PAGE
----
One can therefore understand why the new dean emphasizes that the start of his tenure is hardly the beginning of the law school’s “Waterstone era.” Well before he joined UCLA Law, he says, he admired the institution for its remarkable record as an innovator in clinical education, critical race studies, public service and access to a top-notch legal education. And when he came on board, Waterstone finally saw the enterprise’s ongoing success up close — a string of achievements that have been driven by the law school’s outstanding administrators, staff and students; by his immediate predecessors, Dean Jennifer Mnookin and Interim Dean Russell Korobkin; and by the other deans and interim deans who came before him.

So, Waterstone says, he could not be more excited to harness the power of the UCLA Law community to confront challenges that loom on the horizon or have yet to materialize.

“One challenge that we need to keep our eye on is the evolving regulation of legal education,” he notes. “The regulatory barriers that have constrained us, but also probably given us a false sense of comfort, are eroding — whether that’s what, if any, admissions tests are required of applicants, whether that’s restrictions in online education, and so on. But in some ways even more profound are regulatory changes for the whole legal profession. We see a lot brewing at the California level, whether it’s licensing of nonlawyers for some segment of legal practice [or] outside investment into what were previously just law firms or legal entities. There are big changes coming, and truly grappling with the role of technology and how legal products and services are delivered will be so important.”

Items on a shelf with the focus on a taxi driver's license for David Waterstone
Waterstone’s paternal grandfather was a taxi driver and an immigrant from Poland who came to the U.S. through Ellis Island.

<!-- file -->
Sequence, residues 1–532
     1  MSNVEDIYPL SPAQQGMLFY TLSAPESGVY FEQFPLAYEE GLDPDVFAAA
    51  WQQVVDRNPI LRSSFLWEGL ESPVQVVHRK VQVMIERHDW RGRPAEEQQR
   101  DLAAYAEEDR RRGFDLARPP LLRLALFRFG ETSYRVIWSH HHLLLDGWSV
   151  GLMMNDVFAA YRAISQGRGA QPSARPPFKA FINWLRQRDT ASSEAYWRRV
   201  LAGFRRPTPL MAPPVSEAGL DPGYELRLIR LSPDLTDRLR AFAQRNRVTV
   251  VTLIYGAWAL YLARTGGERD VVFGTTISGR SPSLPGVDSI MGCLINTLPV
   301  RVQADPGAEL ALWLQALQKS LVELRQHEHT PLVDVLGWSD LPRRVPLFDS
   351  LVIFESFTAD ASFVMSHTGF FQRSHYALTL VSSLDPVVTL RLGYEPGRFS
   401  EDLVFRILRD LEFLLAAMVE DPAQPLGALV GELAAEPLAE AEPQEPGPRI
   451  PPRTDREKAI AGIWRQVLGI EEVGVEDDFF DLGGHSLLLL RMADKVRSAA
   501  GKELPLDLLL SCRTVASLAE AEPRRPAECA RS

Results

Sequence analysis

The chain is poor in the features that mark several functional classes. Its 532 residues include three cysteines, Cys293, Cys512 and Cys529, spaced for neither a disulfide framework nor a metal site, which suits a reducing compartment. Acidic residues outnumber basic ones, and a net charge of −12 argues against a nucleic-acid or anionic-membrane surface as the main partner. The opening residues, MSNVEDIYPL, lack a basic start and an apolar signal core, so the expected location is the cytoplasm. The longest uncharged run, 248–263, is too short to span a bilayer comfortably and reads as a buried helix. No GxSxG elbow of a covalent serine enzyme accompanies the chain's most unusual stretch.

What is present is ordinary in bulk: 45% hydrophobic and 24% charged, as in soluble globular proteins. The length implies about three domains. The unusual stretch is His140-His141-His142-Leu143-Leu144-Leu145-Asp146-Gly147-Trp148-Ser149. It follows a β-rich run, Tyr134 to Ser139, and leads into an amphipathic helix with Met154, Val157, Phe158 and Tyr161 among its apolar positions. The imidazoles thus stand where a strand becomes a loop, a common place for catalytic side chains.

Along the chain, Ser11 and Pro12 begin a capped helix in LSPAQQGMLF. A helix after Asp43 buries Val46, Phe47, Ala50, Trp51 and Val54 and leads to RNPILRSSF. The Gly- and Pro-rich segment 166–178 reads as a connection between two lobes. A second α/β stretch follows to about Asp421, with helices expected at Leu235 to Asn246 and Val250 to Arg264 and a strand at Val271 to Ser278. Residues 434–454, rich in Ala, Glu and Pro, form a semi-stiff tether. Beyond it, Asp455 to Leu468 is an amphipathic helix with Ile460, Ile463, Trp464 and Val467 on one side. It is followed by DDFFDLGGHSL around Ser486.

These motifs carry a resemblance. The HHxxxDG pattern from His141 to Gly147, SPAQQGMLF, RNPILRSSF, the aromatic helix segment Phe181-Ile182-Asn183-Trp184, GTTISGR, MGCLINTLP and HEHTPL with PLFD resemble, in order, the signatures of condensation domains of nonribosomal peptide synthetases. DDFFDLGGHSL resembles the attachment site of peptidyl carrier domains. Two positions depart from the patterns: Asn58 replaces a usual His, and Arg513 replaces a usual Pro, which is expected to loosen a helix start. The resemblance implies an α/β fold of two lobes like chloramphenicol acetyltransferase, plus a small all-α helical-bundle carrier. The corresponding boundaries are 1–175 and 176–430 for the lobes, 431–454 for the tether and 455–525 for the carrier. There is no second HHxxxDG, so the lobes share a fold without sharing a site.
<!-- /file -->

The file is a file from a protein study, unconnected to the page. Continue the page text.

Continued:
As Waterstone sees it, technology stands to make a real difference, reaching into areas where legal practice meets increasingly urgent developments in the broader society.

“We have tools that are way more powerful now than when I was a litigation associate, in terms of generative AI,” he says. “That doesn’t eliminate the need for human involvement, but it certainly changes it, and as it evolves, clients are going to be demanding that legal work be done more efficiently. At the same time, you have a crushing access-to-justice gap — in the state, in our country, in our world — where most people cannot afford to have their basic legal needs met. So, you don’t need to be a futurist to look at those two trends and think that they’re somehow going to intersect. One of my jobs will be to help us answer this question: What is the role of a forward-looking law school in preparing ourselves and our students and our graduates for that future?”

Waterstone’s wisdom is hard-earned. A Los Angeles native and 1995 graduate of UCLA, he taught in two area elementary schools before traveling across the country, for the first time in his life, to attend law school at Harvard. After earning his J.D., he clerked for Judge Richard Arnold of the U.S. Court of Appeals for the Eighth Circuit in Arkansas before returning home to put in several years as a corporate-law attorney at Munger, Tolles & Olson. He then shifted into academia, first with a professorship at the University of Mississippi School of Law and then with 17 total years at Loyola. Along the way, Waterstone made a mark as a disability law scholar who consulted with international organizations and testified before the U.S. Senate, and he earned plaudits for his teaching, including being named Outstanding First Year Professor at Northwestern University’s Pritzker School of Law, where he was a visiting professor in the year before he started his uncommonly successful run as Loyola’s dean.

A list of Dean Waterstone's five favorite things to do in L.A.: Spending time at the beach; going to baseball games; going to local breweries; outdoor activities with his family; and, mountain biking“We succeeded in many meaningful ways at Loyola, and there were three [successes] that I look back on and feel really, really good that we accomplished,” he says. “One was the evolution, development and centralization of the clinics. Two was raising more money than we ever had, to support all of the good work that we were already doing or could do. And the third was taking our evening program, which had always been a source of institutional strength but had struggled, and revamping it in pretty major ways to make it an exciting, forward-looking take on legal education. But I didn’t even envision that last accomplishment as a possibility until Year 2. It took time to understand the lay of the land, the tools that we had and how to leverage various parts of the community — because it needs to be a communitywide effort to be durable.”